01-23-2018 01:38 PM
01-23-2018 01:38 PM
I was wondering if anyone has put together a set of instructions/processes that you use to instruct lawyers on conducting their own eDiscovery searches? I had to do an eDiscovery search for a bunch of mailboxes and terms for our lawyers and was wondering if there are any simplified instructions for lawyers on how to conduct the searches or what we as admins have to do to set it up properly so they can conduct their searches. Does anyone have their lawyers do their own searches? What is the best way to set up lawyers to do their job? <smile>
01-28-2018 10:11 AMSolution
You should plan eDiscovery cases and set permissions accordingly. Basically you have eDiscovery Admins, eDiscovery Managers, and Reviewers. Admins have full permissions on any eDiscovery case, Managers have only permissions to those cases they create or are members of, and Reviewers can only see and open the list of the cases they are members of.
eDiscovery Admin role should be kept inside the organization. You could give your lawyers eDiscovery Manager or Reviewer permissions, depending on what you want them to be able to do. Manager is like giving them editing permissions on the cases they are members of, and they could also create cases. Reviewers is like read-only permission.
More info here:
01-29-2018 04:15 AM
02-01-2018 02:29 PM
Hi @Zeff Wheelock I have trained several legal professionals on accessing the Office 365 Compliance Center for placing mailboxes on hold, running searches, creating hit reports, exporting off PST files, etc., but I don't have a generic set of instructions that I share. I've developed playbooks before but my clients keep them proprietary :)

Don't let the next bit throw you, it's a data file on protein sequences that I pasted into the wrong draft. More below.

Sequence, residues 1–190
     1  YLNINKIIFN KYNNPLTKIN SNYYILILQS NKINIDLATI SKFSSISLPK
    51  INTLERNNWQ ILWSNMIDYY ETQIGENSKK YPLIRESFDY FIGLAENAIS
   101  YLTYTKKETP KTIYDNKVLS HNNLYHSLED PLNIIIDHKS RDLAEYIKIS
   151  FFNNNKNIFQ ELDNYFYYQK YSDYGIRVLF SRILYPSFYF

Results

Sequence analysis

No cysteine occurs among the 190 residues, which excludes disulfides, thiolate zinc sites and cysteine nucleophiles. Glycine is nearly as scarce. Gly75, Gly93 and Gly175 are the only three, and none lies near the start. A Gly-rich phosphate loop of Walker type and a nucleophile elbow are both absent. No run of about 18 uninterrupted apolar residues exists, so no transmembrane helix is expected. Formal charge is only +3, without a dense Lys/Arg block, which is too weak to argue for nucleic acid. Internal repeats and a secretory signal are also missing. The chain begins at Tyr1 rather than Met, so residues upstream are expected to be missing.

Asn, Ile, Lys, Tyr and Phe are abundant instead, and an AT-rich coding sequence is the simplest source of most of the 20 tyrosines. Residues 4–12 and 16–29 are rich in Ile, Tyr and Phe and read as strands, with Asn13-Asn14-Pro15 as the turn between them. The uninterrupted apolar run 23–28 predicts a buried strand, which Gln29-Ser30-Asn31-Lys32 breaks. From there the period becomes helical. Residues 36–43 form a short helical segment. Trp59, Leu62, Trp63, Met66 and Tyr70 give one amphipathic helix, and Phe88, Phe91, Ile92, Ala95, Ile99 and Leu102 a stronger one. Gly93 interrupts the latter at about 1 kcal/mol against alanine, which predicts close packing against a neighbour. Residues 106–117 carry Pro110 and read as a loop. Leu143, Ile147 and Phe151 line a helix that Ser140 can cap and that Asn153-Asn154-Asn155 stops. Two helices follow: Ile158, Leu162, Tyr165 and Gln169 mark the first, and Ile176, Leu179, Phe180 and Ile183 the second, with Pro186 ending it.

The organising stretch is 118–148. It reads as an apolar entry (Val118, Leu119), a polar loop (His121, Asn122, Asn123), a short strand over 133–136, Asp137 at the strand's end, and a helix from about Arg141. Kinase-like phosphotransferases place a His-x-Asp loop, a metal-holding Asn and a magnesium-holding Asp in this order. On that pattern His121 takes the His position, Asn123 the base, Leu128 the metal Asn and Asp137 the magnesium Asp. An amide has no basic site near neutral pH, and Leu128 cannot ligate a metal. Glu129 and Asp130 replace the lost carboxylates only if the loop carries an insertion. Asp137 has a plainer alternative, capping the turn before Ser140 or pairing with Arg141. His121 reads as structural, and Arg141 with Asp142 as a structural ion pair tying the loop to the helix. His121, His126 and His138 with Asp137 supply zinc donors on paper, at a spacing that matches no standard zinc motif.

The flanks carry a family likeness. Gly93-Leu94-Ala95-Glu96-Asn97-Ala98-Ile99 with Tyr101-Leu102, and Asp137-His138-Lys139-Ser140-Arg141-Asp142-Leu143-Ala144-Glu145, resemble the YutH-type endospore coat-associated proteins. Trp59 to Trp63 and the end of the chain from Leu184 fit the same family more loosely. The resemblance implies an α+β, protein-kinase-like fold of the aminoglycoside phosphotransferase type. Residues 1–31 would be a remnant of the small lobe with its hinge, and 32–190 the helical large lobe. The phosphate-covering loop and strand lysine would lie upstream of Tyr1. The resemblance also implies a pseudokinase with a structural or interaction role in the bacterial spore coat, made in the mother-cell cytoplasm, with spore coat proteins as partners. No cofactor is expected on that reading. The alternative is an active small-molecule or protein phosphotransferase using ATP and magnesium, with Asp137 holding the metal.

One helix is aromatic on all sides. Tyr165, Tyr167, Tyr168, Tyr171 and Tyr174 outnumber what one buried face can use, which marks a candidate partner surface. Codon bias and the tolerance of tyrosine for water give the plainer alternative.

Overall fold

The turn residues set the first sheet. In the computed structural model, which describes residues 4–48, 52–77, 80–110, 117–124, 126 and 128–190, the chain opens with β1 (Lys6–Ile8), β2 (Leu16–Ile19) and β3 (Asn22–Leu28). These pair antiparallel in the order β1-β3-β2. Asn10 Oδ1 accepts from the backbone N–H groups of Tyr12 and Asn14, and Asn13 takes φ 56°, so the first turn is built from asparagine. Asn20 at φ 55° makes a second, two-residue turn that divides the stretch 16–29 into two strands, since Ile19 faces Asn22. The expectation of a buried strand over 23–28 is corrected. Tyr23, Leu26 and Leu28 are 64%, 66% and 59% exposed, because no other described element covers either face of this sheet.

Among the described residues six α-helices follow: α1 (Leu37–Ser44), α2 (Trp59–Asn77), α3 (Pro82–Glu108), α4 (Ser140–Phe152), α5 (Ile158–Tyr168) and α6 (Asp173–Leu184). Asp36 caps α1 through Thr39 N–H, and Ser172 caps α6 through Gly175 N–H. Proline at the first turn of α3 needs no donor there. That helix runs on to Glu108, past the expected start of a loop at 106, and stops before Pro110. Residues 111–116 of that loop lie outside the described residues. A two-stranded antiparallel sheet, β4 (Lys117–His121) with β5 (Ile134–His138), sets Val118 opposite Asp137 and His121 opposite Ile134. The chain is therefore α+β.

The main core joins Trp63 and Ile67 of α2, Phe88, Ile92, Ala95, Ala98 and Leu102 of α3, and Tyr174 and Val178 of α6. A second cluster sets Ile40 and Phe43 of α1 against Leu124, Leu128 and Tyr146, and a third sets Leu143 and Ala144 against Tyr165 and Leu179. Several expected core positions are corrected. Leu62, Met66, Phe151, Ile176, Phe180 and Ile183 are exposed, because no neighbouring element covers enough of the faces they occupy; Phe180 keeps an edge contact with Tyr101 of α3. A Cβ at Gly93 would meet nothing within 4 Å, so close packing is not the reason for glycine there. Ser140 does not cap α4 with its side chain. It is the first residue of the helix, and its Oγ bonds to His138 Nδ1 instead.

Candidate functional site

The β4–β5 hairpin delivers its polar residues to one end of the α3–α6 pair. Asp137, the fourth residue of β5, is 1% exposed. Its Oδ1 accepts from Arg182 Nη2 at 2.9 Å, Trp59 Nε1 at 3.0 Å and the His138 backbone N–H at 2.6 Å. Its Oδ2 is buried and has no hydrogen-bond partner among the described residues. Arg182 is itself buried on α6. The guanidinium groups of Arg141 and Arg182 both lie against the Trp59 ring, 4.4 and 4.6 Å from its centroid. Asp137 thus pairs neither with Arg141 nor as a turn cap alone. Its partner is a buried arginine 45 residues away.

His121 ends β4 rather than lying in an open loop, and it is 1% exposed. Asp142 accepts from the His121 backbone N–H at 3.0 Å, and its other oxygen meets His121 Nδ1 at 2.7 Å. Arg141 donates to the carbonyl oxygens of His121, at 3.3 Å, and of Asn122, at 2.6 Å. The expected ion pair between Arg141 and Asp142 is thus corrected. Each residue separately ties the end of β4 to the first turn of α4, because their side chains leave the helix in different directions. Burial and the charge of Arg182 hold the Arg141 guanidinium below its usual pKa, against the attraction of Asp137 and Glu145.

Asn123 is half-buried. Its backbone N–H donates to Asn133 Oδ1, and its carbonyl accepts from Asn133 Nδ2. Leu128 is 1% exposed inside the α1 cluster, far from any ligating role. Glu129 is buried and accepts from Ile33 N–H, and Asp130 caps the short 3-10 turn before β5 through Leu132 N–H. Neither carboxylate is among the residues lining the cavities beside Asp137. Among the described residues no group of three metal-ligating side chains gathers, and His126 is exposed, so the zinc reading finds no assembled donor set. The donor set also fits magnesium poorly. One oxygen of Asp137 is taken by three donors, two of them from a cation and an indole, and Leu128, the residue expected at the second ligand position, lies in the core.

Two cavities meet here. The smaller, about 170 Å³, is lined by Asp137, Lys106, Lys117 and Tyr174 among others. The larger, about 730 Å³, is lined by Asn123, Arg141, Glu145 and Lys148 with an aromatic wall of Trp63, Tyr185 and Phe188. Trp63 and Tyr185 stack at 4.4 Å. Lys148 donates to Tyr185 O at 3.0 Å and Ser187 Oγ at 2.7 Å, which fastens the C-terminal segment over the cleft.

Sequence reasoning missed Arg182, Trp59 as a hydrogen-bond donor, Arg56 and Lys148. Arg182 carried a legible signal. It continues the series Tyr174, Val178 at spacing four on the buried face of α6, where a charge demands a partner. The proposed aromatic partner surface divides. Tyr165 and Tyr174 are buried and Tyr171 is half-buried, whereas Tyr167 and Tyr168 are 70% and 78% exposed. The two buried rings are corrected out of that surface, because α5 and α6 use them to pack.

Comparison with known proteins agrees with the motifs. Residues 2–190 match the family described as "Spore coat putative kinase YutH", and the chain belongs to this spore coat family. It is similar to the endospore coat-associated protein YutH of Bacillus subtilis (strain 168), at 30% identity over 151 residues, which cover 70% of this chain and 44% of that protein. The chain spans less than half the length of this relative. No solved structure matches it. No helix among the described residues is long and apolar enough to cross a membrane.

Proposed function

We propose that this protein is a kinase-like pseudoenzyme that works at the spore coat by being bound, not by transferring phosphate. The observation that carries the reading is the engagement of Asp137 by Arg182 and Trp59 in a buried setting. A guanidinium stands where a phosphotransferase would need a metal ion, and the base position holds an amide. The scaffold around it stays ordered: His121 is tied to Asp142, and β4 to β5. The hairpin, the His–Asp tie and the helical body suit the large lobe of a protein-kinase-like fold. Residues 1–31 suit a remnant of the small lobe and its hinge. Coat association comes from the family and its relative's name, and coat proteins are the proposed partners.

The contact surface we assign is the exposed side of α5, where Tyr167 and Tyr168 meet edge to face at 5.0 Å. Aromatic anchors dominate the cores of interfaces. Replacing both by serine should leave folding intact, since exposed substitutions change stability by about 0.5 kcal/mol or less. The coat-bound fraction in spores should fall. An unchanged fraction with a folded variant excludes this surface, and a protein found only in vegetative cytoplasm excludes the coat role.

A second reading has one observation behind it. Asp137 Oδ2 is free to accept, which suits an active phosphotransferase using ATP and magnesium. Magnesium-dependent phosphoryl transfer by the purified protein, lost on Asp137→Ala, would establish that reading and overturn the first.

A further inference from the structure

With most of my corporate clients, I'm usually working with in-house paralegals to train them on running the searches. Typically, I find that someone in IT has previously had to run all these searches (which sounds like you are the lucky one for your organization), but I'm constantly working with the legal department to shift that role to paralegals, or a lawyer if necessary. I find that the legal folks know more specifically what they're looking for, so it makes sense to set them up as an eDiscovery Admin or Manager. I get a little pushback from the lawyers sometimes, but I walk them through the benefits of doing it this way.
Let me know if that's helpful, or feel free to reach out to me directly. My LinkedIn profile: https://www.linkedin.com/in/brettburney/